When people start to die on a journey home on the Aquitania, Rowland Sinclair finds himself embroiled in scandals of murder, an illegitimate child, an unwed mother, and the tragedy of the Great Depression back home in Australia.
Rowland is caught in between the beliefs of the church and the Theosophist Society, an organisation that is focused on the occult and spiritualism, in direct conflict with the church.
As bodies start to fall, the race to find the killer on board the ship begins, leading our hero on a chase across two countries and over the sea.
From the Aquitania to New York and back on Australian soil, this novel has mystery at every turn, and just when you have been lulled into thinking everything will be okay, you are hit with another aspect of the case to complicate things. This is done very well, though, and the seamless transitions, the ebbs and flows of the novel, make it an enjoyable read.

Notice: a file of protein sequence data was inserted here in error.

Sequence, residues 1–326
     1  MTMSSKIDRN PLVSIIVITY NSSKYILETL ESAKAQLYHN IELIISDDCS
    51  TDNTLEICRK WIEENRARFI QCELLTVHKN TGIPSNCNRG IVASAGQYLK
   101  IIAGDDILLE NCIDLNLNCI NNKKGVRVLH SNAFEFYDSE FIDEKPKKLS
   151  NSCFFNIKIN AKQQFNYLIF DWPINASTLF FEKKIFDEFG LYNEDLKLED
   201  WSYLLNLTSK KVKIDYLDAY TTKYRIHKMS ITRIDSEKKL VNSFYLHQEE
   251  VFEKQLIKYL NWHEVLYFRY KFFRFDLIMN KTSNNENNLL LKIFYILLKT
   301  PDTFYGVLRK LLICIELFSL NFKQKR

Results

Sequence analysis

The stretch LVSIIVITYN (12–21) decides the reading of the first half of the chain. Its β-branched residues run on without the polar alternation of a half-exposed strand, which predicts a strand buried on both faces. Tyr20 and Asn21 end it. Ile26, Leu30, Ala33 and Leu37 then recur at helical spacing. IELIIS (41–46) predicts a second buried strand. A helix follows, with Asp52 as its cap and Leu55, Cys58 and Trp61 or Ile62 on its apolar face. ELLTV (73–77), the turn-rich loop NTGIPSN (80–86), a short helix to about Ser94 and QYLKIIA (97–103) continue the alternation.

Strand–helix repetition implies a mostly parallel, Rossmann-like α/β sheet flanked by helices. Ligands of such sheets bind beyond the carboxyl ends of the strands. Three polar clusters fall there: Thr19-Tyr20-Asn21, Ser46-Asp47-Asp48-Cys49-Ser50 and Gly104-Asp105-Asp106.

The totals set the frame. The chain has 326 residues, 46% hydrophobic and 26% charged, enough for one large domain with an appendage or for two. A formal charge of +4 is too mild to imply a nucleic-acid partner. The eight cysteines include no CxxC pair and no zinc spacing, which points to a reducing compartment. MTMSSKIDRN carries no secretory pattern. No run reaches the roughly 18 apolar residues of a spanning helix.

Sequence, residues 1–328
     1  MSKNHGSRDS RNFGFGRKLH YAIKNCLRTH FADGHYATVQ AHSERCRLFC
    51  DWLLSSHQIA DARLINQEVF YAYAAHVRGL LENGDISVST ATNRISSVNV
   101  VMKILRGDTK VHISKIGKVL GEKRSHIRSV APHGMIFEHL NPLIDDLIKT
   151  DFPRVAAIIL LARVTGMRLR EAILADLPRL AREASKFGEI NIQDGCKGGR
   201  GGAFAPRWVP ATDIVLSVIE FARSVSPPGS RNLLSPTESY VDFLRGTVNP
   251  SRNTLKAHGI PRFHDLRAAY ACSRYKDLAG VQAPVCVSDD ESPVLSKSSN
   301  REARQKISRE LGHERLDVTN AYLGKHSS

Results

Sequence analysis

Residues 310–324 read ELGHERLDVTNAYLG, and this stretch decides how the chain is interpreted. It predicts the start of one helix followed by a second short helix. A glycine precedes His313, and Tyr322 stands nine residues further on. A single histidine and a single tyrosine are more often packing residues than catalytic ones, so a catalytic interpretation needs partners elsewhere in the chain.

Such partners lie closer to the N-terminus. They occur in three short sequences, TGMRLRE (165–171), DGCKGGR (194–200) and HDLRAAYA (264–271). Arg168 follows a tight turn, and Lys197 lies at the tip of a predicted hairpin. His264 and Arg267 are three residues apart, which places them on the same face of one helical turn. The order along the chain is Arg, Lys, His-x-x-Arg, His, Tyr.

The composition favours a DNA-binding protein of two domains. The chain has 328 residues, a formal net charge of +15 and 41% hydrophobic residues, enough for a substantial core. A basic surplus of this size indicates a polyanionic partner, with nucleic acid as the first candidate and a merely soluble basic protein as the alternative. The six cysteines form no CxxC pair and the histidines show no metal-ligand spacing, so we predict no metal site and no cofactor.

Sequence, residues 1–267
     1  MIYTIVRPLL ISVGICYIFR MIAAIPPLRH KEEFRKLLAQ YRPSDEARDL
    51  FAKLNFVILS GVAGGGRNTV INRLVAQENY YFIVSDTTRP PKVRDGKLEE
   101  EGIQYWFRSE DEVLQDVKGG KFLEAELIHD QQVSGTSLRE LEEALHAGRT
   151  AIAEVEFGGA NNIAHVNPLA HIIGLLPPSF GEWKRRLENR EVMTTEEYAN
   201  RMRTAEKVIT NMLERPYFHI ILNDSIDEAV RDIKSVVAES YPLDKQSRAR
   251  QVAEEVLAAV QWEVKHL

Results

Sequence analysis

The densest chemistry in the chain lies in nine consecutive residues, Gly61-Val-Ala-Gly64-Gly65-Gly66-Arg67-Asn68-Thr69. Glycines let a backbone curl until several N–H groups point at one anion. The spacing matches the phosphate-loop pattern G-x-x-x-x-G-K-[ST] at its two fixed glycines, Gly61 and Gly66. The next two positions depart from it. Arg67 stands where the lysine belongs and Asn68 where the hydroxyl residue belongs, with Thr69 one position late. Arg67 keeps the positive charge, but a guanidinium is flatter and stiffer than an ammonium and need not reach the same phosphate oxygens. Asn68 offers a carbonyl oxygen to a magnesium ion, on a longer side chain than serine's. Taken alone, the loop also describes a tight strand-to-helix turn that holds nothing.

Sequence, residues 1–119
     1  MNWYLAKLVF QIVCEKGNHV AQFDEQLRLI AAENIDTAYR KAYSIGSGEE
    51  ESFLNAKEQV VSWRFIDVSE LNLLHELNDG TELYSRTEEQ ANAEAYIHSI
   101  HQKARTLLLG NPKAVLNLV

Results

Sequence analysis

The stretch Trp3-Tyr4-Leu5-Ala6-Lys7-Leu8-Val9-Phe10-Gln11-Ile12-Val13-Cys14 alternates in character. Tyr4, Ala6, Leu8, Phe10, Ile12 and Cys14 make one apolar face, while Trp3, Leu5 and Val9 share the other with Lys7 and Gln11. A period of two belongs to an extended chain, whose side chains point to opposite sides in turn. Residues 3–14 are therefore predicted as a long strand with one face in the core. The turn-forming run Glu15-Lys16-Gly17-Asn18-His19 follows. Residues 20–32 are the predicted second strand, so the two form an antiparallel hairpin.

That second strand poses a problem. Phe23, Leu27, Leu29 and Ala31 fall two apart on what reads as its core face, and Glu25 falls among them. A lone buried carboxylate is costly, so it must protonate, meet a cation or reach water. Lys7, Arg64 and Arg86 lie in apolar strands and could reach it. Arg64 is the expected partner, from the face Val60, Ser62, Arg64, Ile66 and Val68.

I savoured this book, but at the same time couldn’t wait to know who the real killer from the Aquitania was and why they had committed the crimes. With Rowland and his friends, I took a journey back in time to a country straddled between two World Wars, in the grip of the Great Depression, something not forgotten by the characters.
As a historical crime novel, it works well for its genre and Sulari Gentill has done a great job. Even though I came to this book without having read its predecessor, I had no trouble in catching up with the characters. In fact, it has made me want to read the first and subsequent books even more.
Ashleigh Meikle is a budding writer, and currently studying Professional Writing online.